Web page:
Kids These Days, "Traphouse Rock" (Kids These Days)
Even hyphens couldn't bring together all the styles that Kids These Days offer under one tent. The Chicago-based collective plays funk-alt-rock-pop-jazzy-hip-hop-blues, and that doesn't even start with the subgenres.
The point is, they do it all well, and "Traphouse Rock," due Tuesday, is definitely one of the finest Chicago albums of 2012.
This impressive full-length debut has been in the works for a while, but it's well worth the wait. When I caught up with them before their scorching set at Lollapalooza 2011, the band's seven feisty players (most of them freshly graduated from South Side schools, namely Whitney Young) were hoping to finish the album that fall. Then the raves came in, mine included, and their profile was raised to the point where they were able to work with some bigger names. These pedigrees likewise draw from the breadth of modern music, from tracking much of the album locally with Wilco's Jeff Tweedy to mixing in Los Angeles with Mario C., who contributed to some of the more palatable slices of '80s and '90s rap-rock (Beastie Boys, Tone Loc, Beck).
"Traphouse Rock," itself a compound euphemism used by the Kids for their hybrid sound, boasts a rainbow stylistic palette. The album opens with a dated trope, the sound of a radio dial spinning through disparate stations, indicating the array from which these kids sample within their sound. But when KTD samples, they do it live -- playing quotations instead of inserting primary source recordings. In "Ghetto," guitarist Liam Cunningham weaves in the signature melody from Nirvana's "Smells Like Teen Spirit" before the song diverts into haunted reverb echoes and a soft, supple horn-section breakdown. "Doo-Wah," an affecting piano ballad, led by Macie Stewart (a winsome blend of Abra Moore and Ximena Sarinana), references the Pixies' "Where Is My Mind?" "Bud Billiken" -- a storied local reference KTD turns into a clever marijuana pun -- features the horns quoting Radiohead's "Creep." The album's closer, "A Man's Medley," braids James Brown's male-dominated perspective with "Summertime."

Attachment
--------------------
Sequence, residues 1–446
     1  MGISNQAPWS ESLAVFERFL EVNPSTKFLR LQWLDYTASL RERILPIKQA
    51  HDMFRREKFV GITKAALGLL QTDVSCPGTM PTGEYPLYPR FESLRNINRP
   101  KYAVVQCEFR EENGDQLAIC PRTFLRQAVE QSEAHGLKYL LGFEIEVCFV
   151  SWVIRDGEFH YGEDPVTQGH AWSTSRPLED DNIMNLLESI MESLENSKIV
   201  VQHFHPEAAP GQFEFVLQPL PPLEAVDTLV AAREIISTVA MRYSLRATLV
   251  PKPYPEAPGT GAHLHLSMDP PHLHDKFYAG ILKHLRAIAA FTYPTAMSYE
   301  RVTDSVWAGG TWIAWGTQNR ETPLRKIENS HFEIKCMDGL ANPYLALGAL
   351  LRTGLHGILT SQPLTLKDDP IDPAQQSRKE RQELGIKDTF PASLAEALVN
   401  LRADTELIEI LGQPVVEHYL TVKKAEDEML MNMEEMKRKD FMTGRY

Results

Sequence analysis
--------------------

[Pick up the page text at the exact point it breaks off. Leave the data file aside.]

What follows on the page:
The saving grace here is that all the musical hyperlinks are savvy and subtle, never a raison d'etre for the song itself, a dash of spice instead of a main ingredient. The songcraft of "Traphouse Rock" is inventive and original, even though the frequent left turns and ambitious, tangential structuring robs a few tracks of opportunities to set the pop hook. At the center of the spokes -- Cunningham's alt-rock, Stewart's indie-pop, the rhythm section's jazz-funk, the horn section's soul -- is Vic Mensa, a solid hub around which these wheels can turn without flinging every which way. A well-oiled, rapid-fire rapper, the often monotone Mensa provides a sturdy base from which the band's flights of fancy can operate their various sorties. In "Wasting Time," he hints at KTD's free-form creative process ("We woulda been writing / but we were too busy tossing words around"); he brings the track -- an achievement by itself, balancing a smooth cool in the groove and the vocal with an uneasy edge in the horns and the production -- back to the center with a calming, "Namaste." This music is, in fact, very much like yoga -- it stretches out, it's essentially peaceful, and its effect increases with repetition.